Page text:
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Dear Mr. President: Letters to the Oval Office from the Files of the…
by Dwight Young
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Amazon.com Product Description (ISBN 142620020X, Paperback)"The letters provide a nostalgic timeline of American history told through the words and feelings of Americans, from regular folks to kings." —Star Gazette, Elmira, NY, Dec. '05
"There are more than 80 letters, reflecting both our history and our very American sense that when we speak, our president should listen." —The Arizona Republic, Dec. '05
Drawn from the extensive holdings of the National Archives—which includes all of the Presidential libraries—these carefully chosen letters remind us that ours is a government "of the people, by the people, and for the people," which entitles us to make our views known to our leaders. Most of the letters come from working citizens; others were written by notable figures: John Glenn, Elvis Presley, Walt Disney, Ho Chi Minh, Nikita Kruschev, Upton Sinclair, John Steinbeck, Robert Kennedy, and many more.
Grouped thematically, the sections cover such topics as civil rights, the Cold War, physical fitness, joblessness, World War II, western expansion, and the space race. An introduction by NBC Nightly News anchor Brian Williams and essays by Dwight Young evoke the tenor of the times in which the letters were written. A wonderful gift book for any American, Dear Mr. President is both enlightening and fun to read.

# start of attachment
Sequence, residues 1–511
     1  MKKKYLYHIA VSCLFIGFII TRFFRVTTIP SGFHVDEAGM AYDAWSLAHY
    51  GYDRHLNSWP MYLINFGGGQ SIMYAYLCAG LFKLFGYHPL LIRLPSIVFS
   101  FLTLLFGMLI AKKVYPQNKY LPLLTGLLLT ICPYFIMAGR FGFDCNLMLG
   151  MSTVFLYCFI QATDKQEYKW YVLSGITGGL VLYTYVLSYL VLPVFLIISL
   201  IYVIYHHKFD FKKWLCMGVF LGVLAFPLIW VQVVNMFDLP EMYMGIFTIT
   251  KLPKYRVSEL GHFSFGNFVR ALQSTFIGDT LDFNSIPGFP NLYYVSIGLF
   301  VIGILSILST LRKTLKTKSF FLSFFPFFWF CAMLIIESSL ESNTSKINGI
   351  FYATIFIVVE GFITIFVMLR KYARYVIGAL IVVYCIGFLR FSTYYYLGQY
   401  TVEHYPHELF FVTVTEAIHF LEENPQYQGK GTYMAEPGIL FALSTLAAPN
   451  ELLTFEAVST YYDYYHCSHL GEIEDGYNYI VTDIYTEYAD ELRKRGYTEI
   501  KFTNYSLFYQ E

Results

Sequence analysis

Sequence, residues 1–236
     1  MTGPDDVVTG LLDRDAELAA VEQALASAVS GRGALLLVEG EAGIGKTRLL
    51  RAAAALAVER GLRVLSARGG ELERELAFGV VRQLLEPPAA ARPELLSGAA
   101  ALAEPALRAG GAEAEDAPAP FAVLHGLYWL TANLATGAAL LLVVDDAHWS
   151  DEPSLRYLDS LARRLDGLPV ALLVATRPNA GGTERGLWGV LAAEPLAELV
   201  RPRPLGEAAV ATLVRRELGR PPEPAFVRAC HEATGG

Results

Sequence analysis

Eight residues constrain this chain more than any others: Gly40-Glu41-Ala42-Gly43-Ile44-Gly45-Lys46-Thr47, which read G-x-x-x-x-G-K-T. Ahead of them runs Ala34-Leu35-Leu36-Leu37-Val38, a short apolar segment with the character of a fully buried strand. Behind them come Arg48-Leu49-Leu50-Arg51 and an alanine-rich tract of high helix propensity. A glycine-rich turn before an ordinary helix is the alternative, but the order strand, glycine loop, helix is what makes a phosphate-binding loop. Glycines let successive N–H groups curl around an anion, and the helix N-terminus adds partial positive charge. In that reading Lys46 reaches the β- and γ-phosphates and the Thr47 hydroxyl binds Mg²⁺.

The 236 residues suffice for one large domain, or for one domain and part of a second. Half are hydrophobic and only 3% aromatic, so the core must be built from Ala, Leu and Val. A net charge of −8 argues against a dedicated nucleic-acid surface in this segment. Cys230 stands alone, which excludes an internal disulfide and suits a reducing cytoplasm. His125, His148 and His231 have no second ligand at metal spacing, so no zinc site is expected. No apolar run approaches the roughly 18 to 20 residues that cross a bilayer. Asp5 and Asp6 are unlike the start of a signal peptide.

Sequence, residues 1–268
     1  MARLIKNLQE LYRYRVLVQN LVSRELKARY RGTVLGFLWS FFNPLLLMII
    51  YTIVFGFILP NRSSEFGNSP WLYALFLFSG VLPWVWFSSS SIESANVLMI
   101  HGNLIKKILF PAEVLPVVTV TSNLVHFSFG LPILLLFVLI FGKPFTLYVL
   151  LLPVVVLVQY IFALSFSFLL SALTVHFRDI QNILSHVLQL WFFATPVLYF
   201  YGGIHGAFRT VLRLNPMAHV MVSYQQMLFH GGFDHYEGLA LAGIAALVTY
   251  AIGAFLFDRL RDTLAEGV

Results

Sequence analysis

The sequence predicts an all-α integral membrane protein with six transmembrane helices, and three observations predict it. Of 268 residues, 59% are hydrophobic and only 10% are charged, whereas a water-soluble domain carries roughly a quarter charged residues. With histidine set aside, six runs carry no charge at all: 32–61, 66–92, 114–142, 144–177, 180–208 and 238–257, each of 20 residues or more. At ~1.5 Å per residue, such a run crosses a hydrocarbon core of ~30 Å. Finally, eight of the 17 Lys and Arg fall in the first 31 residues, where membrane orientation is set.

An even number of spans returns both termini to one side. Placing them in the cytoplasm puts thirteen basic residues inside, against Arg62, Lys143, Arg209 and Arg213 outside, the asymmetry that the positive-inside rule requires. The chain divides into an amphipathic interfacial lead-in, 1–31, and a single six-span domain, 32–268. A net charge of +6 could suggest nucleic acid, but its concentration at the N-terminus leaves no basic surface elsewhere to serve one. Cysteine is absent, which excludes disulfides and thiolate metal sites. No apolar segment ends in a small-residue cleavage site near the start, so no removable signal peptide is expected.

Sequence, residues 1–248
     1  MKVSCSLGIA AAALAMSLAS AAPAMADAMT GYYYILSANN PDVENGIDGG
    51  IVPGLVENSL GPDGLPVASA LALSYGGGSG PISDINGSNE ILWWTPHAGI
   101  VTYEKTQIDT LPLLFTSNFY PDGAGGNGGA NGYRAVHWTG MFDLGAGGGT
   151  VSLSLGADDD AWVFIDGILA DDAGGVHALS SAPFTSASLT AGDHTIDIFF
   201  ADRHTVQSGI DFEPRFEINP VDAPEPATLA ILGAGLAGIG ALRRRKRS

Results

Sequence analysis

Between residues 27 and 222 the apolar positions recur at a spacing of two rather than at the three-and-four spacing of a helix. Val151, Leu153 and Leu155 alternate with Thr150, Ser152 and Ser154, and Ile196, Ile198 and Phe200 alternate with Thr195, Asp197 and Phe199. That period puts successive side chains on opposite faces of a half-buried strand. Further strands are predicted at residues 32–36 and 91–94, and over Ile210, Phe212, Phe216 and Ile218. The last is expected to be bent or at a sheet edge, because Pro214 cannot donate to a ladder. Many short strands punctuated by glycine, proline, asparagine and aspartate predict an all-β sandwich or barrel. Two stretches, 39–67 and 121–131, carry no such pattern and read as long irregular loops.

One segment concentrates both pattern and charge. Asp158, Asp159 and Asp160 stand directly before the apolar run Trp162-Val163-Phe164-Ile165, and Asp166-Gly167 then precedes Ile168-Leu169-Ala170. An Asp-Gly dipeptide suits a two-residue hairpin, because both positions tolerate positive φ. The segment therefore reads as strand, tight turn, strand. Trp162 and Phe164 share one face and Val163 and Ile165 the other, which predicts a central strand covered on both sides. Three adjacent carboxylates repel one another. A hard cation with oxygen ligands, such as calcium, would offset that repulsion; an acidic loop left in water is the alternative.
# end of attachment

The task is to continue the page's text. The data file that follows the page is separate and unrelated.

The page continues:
(retrieved from Amazon Thu, 12 Mar 2015 18:21:27 -0400)
The right to be heard, even at the highest levels, is something Americans take for granted. Over the years countless people have taken pen in hand and begun a letter with the words Dear Mr. President. A mere toe dip into the National Archives' vast holdings, Dear Mr. President presents a delirious potpourri of 87 letters for perusal. The epistolary arts are every voyeur's secret pleasure, and the most public of public offices compels people of all walks of life, from children to the working man to the very famous, to put pen to paper. This carefully selected batch of letters, from over one hundred years of archiving letters to the President, includes such gems as the letter from a ten year old Fidel Castro to Franklin D. Roosevelt in 1940 requesting ten bucks; an offer from Annie Oakley to President McKinley to raise a company of fifty American lady sharpshooters in the event of a war with Spain; a scrawled note on American Airlines in flight letterhead from Elvis Presley to Richard Nixon offering his services to fight the Hippie Elements; and a very moving letter about the state of civil rights from Jackie Robinson to President Eisenhower. The book opens with a 5,000 word introduction by Thomas Mallon, a well known figure who can place these letters in the American consciousness and give some further information on some of them. The letters themselves are reproduced where possible as full size facsimiles and are accompanied with commentary to help the reader place them within historical events. Some archival photos will also run with the letters, in cases where we have photos of the writer and the President together.
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